On April 8th, 2022, Yankees General Manager Brian Cashman announced at the Opening Day press conference that they had offered OF Aaron Judge a 7 year, $213.5M extension, and that the now 30 year old had rejected the deal.
The deal was set to start in the 2023 season, an important note, and run through the 2029 season. Specifics of the offer (opt outs, club options, etc) were not made available, but the Yankees appeared set on signing Judge through his age 37 season. Reports over the winter suggested Judge had been seeking the 8th year on any extension.
Why Arbitration Matters to Judge, & the MLBPA
The detail that the extension offers were set to start in 2023 may sound like status quo, but in this case there’s very specific reasoning behind it. Five-year superstar players are rarely going through the arbitration process anymore, with massive extensions in their back pockets already by the time they get there. But when players of Judge’s caliber go through arbitration, they help to reset the price tags of the calculated salaries.
While players often end up avoiding arbitration with some form of compromised salary at the end of the day, the simple act of going through the hearing, having his production evaluated and entered into the system, now beefs up the algorithm, allowing lesser players who will be forced into the process prior to free agency, to earn a few extra dollars as necessary.
Aaron Judge’s 2022 salary is still in limbo, as his arbitration hearing for this current season isn’t scheduled to be heard until June 22nd. Judge has filed for a $22M salary, while the Yankees are countering at $17M.
Note: Arbitration hearing dates were pushed back due to the CBA lockout and are normally adjudicated during the offseason. Judge’s 2022 production should have no impact on his hearing and subsequent salary.
Aaron Judge & Free Agency
With negotiations now tabled, Judge will indeed hit the open market this winter. He’s stated as such publicly, noting that he’ll speak to any of the 30 teams about his future, the Yankees being one of them.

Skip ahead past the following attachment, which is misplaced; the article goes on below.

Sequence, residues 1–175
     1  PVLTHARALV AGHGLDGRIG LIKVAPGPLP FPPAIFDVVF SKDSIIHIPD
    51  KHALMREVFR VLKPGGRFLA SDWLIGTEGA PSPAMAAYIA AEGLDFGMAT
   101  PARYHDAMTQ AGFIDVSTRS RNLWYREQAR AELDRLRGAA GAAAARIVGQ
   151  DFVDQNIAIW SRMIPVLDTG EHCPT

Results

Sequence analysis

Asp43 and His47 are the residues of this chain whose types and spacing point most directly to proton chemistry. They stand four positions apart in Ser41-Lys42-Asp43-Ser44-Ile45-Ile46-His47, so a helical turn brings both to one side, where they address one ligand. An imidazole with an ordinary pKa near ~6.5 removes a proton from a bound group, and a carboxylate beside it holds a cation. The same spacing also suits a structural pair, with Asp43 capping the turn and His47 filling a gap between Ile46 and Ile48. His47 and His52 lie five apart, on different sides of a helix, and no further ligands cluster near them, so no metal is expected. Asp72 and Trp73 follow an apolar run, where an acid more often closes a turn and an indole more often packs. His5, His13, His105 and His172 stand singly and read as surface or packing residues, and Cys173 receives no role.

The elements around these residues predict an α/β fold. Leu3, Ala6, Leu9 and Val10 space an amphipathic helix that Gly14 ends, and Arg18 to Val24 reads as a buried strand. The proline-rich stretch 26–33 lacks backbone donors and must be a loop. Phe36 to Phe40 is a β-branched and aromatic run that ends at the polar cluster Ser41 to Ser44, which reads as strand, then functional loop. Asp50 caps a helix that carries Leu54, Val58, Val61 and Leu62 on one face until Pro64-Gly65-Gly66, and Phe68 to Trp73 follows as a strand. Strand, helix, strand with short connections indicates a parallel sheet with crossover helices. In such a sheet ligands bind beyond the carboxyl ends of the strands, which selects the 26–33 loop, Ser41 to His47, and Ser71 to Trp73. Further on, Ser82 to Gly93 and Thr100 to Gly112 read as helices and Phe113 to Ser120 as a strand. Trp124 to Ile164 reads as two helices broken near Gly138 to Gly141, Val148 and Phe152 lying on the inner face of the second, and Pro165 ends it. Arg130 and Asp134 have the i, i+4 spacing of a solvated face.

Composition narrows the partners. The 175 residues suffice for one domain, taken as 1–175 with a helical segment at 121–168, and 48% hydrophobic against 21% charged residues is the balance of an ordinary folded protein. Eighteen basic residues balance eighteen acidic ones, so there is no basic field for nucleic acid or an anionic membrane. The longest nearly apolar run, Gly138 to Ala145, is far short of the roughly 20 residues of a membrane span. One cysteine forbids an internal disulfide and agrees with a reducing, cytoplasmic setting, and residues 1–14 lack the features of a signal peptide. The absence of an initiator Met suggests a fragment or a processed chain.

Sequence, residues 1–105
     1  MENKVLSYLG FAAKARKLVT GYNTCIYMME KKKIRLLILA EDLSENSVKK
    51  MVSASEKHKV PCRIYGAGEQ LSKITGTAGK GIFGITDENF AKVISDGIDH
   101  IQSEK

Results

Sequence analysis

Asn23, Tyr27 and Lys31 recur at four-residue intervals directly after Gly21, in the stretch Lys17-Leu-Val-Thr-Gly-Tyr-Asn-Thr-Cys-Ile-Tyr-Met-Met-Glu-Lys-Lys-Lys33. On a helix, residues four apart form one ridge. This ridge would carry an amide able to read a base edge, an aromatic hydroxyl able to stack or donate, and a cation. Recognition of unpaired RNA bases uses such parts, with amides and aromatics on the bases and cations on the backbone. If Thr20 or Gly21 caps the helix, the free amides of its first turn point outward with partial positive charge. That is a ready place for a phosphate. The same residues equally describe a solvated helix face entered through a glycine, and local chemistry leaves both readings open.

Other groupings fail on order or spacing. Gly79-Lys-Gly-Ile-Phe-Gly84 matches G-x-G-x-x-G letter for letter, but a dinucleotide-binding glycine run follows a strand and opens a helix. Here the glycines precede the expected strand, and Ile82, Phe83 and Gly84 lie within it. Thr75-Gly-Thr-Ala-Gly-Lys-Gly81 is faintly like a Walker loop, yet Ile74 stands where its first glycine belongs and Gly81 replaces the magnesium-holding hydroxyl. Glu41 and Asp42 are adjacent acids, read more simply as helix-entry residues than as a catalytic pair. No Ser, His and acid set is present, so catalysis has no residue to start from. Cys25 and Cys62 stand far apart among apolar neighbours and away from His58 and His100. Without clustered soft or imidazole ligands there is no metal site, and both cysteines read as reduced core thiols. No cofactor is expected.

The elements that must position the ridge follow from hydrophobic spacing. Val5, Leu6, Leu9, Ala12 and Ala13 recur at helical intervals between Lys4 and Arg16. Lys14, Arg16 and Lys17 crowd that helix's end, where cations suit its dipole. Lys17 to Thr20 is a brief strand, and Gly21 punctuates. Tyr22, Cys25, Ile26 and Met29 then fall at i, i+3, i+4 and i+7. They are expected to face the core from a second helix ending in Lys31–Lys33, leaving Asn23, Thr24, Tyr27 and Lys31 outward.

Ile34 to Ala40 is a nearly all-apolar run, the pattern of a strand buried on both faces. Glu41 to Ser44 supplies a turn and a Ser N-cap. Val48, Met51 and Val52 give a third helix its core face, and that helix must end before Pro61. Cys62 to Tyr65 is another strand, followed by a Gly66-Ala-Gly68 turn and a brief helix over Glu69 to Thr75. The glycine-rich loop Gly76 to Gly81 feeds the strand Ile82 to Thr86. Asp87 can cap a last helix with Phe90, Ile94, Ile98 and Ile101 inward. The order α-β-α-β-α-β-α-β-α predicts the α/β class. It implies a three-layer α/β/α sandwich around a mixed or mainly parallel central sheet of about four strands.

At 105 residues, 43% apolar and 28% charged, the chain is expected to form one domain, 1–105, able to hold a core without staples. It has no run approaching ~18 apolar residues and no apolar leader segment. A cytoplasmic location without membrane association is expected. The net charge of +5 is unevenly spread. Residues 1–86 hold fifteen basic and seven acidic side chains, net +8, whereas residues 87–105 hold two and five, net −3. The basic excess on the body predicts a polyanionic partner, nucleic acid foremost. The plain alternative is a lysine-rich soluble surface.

But isn’t MLB Free Agency dead? Yes, unless it’s not. MLB front offices have become extremely strict about giving high average salary, long term free agent contracts to players in their 30s. But, as with everything, there are always exceptions. Here’s a look at the Top 3 free agent position player contracts from each of the past 5 offseasons, along with the Top 30+ Year Old contract signed that winter.
|Free Agency||Top 3 Position Player Contracts||Top 30+ Position Player Contract|
|2022||Corey Seager ($325M, 27)
Kris Bryant ($182M, 30)
Marcus Semien ($175M, 31)
|Kris Bryant ($182M, 30)|
|2021||George Springer ($150M, 31)
J.T. Realmuto ($115.5M, 29)
D.J. LeMahieu ($90M, 32)
|George Springer ($150M, 31)|
|2020||Anthony Rendon ($245M, 29)
Josh Donaldson ($92M, 34)
Yasmani Grandal ($73M, 31)
|Josh Donaldson ($92M, 34)|
|2019||Bryce Harper ($330M, 26)
Manny Machado ($300M, 26)
A.J. Pollock ($60M, 31)
|A.J. Pollock ($60M, 31)|
|2018||Eric Hosmer ($144M, 28)
J.D. Martinez ($110M, 30)
Lorenzo Cain ($80M, 31)
|J.D. Martinez ($110M, 30)|
Kris Bryant’s 7 year $182M deal with Colorado this past March represents the largest free agent contract for a player north of 30 years old since 2014, when Robinson Cano bagged a 10 year, $240M deal from the Mariners. Albert Pujols signed the exact same deal two years prior with the Angels. Both deals ran through the player’s age 40, something MLB front offices are clearly trying to avoid these days.
The Best Comp?
The best contract to hold Judge up against might be Anthony Rendon’s 7 year, $245M free agent contract with the Angels, signed in 2020, at age 29.
If we use our contract tool to show a quick comparison, Rendon’s production in the two seasons prior to his free agent signing actually outweigh Judge’s current 21-22 production in every category, with the exception of games played. Toss in the notion that third base may be treated as a more important position defensively than right field, and that Rendon was only 29 at the time of the signing, and it’s possible to see a world where Rendon deserves to remain the higher contract here.
Rendon isn’t the perfect comparable for Aaron Judge, but to his credit, there might not be one in today’s game. However, Rendon checks more boxes than most when stacking up Aaron Judge’s potential situation, from statistical relevance, age, and (potentially) banking off a World Series win in his contract season. Is Rendon a $245M player if the Nationals don’t win the 2019 series?
Valuing Aaron Judge’s Next Contract
Before the 2022 season began, our contract projection tool pegged Judge at a baseline $25M per year, in line for a 7 year, $180M extension. The Yankees were willing to go north of $30M per year with their offer, and for all intents, that was considered a “fair” contract. So where do things stand currently?